Jurisdiction - China
China – Shanghai High People’s Court Rules That Resale Price Maintenance Agreement Constitutes Monopolistic Agreement.

11 April, 2014


The Shanghai High People’s Court recently made available its Aug. 1, 2013 final judgment overruling the Shanghai First Intermediate Court’s judgment in a case brought by a domestic medical distributor, Beijing Rainbow Medical Equipment Technology & Trading Company (Rainbow) against Johnson & Johnson’s (J&J) China operations. The court ruled that J&J’s resale price maintenance (RPM) constitutes a monopolistic agreement, and ordered J&J to indemnify Rainbow’s economic losses of RMB 530,000 (USD 87,500).


On Jan. 2, 2008, J&J and Rainbow signed a distribution agreement, providing that Rainbow had the authorized right to sell J&J’s Ethicon surgical sutures in Beijing. According to the agreement, Rainbow could not sell Ethicon surgical sutures at a price lower than that stipulated by J&J. In March 2008, Rainbow won a bid to supply surgical sutures to Peking University People’s Hospital by offering a price lower than the one provided in the agreement. On July 1, 2008, J&J issued a letter to Rainbow on deduction of a deposit of RMB 20,000 (USD 3,245) and cancellation of Rainbow’s sales right in two hospitals in Beijing. The key issue in this case was whether the RPM agreement constitutes a monopolistic agreement under the Antimonopoly Law of the People’s Republic of China (the AML).


The court considered four factors in deciding whether the RPM agreement has the effect of eliminating or restricting competition, and therefore is a monopolistic agreement prohibited by the AML: (1) the competitiveness of the market in the relevant market; (2) J&J’s market position; (3) J&J’s motivation for adopting minimum resale prices; and (4) the anticompetitive effects of the minimum resale prices. The court found that competition in the relevant market was insufficient, which is the cornerstone in the evaluation, rendering further analysis of the agreement’s effect on competition unnecessary.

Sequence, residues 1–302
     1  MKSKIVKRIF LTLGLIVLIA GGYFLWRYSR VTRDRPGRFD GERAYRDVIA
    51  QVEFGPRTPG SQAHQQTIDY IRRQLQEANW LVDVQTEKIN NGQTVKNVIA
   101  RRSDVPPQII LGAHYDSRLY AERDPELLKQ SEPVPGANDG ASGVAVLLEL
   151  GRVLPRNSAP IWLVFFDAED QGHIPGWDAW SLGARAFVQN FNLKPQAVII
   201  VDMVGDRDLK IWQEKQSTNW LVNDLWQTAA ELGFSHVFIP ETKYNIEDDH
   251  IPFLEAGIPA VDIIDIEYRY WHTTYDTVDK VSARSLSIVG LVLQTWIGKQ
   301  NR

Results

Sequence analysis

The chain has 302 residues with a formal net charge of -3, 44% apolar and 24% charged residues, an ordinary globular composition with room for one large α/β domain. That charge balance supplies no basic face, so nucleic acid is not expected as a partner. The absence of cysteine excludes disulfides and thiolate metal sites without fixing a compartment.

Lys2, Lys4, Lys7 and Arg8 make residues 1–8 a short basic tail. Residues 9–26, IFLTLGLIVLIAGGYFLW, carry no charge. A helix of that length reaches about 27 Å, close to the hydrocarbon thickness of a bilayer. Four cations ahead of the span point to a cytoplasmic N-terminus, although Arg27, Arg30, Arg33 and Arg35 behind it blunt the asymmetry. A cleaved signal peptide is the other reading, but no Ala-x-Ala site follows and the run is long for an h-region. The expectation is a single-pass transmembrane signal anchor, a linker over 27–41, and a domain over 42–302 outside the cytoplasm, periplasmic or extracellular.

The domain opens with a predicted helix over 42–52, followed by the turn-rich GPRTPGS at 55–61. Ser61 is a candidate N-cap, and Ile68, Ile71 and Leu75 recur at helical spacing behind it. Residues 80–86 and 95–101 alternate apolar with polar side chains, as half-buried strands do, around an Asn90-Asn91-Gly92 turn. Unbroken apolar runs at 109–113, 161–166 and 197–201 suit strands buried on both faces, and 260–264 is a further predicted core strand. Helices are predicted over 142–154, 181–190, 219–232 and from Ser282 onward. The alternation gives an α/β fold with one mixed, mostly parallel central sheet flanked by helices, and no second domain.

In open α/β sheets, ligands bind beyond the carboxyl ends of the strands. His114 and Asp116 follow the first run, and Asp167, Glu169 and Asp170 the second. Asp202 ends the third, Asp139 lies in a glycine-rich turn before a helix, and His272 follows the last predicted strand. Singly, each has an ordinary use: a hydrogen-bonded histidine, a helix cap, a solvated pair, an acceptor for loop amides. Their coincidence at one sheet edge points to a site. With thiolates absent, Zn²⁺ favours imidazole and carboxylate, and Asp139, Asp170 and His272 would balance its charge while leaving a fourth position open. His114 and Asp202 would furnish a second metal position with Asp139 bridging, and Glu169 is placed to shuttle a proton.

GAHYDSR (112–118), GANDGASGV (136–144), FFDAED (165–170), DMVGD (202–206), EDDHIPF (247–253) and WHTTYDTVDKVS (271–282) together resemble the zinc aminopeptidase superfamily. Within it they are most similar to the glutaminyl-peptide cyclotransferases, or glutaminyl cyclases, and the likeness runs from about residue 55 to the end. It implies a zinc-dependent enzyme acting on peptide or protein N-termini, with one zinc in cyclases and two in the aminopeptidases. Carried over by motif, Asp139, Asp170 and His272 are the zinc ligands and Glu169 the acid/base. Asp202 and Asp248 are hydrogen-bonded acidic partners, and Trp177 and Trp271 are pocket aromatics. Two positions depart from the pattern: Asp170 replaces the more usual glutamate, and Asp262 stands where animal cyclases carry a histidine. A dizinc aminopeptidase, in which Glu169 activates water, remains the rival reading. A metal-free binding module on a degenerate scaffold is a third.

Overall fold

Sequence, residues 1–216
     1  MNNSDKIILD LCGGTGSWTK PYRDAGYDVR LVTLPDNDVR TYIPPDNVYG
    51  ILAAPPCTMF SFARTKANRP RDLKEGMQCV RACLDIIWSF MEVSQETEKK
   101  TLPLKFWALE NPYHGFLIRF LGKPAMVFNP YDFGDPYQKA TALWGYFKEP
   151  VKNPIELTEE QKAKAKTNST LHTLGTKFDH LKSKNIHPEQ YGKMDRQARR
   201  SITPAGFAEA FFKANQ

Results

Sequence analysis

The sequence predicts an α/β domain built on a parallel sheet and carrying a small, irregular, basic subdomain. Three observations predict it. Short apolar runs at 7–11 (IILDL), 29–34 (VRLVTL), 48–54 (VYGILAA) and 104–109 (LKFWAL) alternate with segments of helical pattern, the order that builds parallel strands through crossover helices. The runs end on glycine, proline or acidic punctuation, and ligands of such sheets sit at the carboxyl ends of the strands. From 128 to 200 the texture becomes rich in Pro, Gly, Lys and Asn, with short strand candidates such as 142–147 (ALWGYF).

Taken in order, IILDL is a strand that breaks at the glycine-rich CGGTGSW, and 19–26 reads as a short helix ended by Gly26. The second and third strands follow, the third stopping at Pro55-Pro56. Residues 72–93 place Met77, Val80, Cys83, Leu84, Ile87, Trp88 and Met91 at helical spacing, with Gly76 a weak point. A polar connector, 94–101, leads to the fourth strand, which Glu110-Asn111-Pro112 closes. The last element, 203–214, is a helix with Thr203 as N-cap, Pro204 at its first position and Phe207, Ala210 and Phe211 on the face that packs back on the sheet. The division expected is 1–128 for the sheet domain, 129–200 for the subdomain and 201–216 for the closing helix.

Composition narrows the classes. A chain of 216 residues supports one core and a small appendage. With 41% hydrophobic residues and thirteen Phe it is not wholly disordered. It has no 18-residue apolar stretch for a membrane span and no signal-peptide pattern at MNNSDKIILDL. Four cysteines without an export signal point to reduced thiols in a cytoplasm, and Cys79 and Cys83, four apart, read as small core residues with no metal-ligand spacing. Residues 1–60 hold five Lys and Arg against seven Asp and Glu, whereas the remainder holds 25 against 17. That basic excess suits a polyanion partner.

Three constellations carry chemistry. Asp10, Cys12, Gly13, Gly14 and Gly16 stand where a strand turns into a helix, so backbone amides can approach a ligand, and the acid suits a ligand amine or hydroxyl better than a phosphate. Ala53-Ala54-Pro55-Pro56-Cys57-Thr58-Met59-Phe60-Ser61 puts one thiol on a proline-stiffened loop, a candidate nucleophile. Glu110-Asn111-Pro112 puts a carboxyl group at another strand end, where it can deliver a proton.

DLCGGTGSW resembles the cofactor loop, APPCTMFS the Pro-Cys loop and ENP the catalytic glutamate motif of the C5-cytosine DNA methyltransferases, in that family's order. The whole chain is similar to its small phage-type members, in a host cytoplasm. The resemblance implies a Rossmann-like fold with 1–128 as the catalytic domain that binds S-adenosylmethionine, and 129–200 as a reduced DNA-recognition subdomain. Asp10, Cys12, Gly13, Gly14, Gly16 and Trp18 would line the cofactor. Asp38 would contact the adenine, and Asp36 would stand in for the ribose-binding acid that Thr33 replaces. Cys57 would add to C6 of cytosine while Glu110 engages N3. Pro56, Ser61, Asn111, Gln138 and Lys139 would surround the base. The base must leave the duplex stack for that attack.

The court also held that J&J has a strong market position as well as power in the upstream and downstream markets, increasing the likelihood that the minimum resale prices would have anticompetitive effects. Pursuant to the 2004 J&J Action Plan, the company encouraged its distributors to maintain good customer relationships with doctors to “eliminate negative influence on the price of Ethicon sutures,” which indicates that J&J acknowledged that the price of the sutures was not competitive in the market.


Turning to the balancing of anticompetitive and pro-competitive effects, the court determined that it could not find grounds that the RPM agreements had pro-competitive effects. The court ruled that the RPM agreement should be regarded as a monopolistic agreement that had the effect of eliminating or restricting competition.


The court’s decision is available here (in Chinese).




For further information, please contact:


Robert A. Rosenfeld, Partner, Orrick

[email protected]


Homegrown Competition & Antitrust Law Firms in China


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